morrissey_25.jpg

Continue reading

Lived in Bars

I got wind of this Cat Power video after it was on so many best of the year lists. It’s sweet and I like it, but I’m not sure I want to like it. It breathes life back into the shopworn beauty-in-old-people’s-faces aesthetic, but at this late stage, shouldn’t we be sending that genre out to pasture? Taking it out behind the barn for an old yeller moment? The pain in the wrinkles trick isn’t emotion anymore, it’s cheap sentimentalism, a visual shortcut just like to the overuse of strings in weak ballads.

Yes, this time the people in the video are drunks, and that helps, and that guy in the house is William Eggleston. But much of it treads on territory already claimed as far back as Joan Osbourne’s day. Which is not to say there are no formal differences between Lived in Bars and What If God Was One of Us: the man in angel wings plays a trumpet in Cat Power’s video, in Joan Osbourne’s it’s a woman in the angel wings riding a skateboard. But the videos make the messages feel more similar, meaning Cat Power runs a dangerously close line to the pablum generated by the Oprah-American Idol complex. Every lonely life is precious.

Pitchfork: Top 25 Music Videos of 2006

Notes on the Keys, part one

“Maybe I needed to return to Florida. Because it had always been my staging area. A place to collect my thoughts, and to gird my loins, for combat with the island of Manhattan.” –Kelsey Grammar, So Far

Fair Use

Just got back from the Florida Keys, where Katie and I went camping for New Years. Because Delta’s ingeniously dickish new plan for getting out of bankruptcy is randomly bumping up departure times without notifying the passengers, we spent all of Saturday hopscotching our way down the East Coast’s airports. The usual airport limbo sensation was worsened by looping stock footage of Saddam Hussein gleering down at us in every lounge. There will certainly be TV news in hell. While trying to buy a magazine, I caught Andrew Card reminding an anchor, “We shouldn’t celebrate the death of Saddam Hussein, so much as we should celebrate the new life of the Iraqi people,” because clearly the former would be in poor taste.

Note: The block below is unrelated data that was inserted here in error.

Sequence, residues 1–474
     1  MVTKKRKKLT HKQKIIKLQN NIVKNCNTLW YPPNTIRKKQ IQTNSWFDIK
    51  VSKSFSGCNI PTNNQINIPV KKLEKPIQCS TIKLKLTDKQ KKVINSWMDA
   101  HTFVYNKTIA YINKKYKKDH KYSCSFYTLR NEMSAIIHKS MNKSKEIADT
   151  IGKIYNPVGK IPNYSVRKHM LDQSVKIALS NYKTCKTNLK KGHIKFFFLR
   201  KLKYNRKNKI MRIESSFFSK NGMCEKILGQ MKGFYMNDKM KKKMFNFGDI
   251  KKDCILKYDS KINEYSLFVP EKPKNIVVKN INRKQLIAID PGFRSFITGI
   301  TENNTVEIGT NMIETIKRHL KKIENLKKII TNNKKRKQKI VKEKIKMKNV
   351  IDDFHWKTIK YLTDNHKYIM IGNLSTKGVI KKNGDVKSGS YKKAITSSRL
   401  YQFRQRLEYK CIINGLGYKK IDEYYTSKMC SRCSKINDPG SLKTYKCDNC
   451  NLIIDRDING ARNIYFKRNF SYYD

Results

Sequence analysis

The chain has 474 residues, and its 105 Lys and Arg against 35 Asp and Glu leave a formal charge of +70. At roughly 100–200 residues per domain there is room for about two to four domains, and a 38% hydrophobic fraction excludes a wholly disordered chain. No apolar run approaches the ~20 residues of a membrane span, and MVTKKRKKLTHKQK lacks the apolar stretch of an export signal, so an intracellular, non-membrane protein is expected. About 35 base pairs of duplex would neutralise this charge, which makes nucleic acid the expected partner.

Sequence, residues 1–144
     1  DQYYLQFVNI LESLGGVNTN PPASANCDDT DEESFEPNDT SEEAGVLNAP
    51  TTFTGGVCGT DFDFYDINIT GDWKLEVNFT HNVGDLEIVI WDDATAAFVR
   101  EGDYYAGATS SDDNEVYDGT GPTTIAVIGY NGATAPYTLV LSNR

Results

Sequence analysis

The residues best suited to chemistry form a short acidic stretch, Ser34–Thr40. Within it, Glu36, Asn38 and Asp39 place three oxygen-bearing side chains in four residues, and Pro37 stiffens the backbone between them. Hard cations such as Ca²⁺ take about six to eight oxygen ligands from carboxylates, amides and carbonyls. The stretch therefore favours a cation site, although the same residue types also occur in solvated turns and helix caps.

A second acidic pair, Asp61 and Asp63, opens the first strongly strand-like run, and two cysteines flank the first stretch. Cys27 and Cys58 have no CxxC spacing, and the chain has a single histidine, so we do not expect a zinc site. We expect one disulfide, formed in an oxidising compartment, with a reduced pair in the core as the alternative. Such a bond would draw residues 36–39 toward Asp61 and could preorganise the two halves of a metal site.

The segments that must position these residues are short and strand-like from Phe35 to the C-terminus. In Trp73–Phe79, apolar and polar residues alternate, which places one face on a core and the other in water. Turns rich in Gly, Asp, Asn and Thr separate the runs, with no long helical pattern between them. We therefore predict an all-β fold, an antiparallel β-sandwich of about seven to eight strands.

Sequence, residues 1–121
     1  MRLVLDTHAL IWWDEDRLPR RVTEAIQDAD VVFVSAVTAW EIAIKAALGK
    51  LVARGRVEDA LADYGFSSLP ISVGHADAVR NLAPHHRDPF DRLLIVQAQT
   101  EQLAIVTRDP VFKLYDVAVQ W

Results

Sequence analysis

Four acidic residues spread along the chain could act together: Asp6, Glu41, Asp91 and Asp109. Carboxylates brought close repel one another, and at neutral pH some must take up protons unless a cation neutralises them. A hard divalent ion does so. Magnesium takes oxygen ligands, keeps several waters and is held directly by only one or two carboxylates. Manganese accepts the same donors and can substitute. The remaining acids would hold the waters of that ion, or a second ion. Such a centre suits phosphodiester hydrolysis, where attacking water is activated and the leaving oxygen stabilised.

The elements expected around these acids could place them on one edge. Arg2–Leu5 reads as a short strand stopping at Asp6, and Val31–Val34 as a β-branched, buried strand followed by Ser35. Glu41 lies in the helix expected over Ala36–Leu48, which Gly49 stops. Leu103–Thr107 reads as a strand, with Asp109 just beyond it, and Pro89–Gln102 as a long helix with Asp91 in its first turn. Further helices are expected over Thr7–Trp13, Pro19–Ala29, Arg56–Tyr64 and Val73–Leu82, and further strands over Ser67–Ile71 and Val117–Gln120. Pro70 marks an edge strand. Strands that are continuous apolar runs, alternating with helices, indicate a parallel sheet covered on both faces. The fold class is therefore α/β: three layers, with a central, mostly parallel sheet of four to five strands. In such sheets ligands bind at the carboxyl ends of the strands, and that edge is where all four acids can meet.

It was a weekend of high profile deaths, and this psyched me up for what would surely be the highly anticipated bucket kicking of Fidel Castro on New Years Eve. History would shine its light on my vacation group, putting us smack down in downtown Key West at the precise moment that the Cuban people put his Adidas-wearing mortal frame on a boat and send it north to Florida. And we would be there, at America’s contentious southernmost point, as thousands of Cuban exiles, Republican hardliners, Floridian drag queens, Hemingway acolytes, and cruise ship passengers would pour out into the street, lighting up cigars and drinking mojitos, for the Orgy of Freedom celebration, as a makeshift conch shell some businessman stuck on the side of a bar drops at midnight to ring in 2007. There was no way Castro could make it another day. This, here, was historical determinism at work.

But Castro’s ghost never showed. Seems people down in Cuba live to be 115, on average. It’s the magic combination of rum, cigars, diesel cars and lack of economic opportunity. We may have Castro to kick around for another 30 years. But I’ll get back to the Castro thing.

It is hardly original (though surprisingly entrepreneurial) to claim that, when positing the American body politic as an organic living creature, Florida would be its penis. (Or, per Maude Lebowski, America’s “dick or his rod or his Johnson.”) Hardly original, but I still think it would be fun to really hammer the analogy into the ground.

Continue reading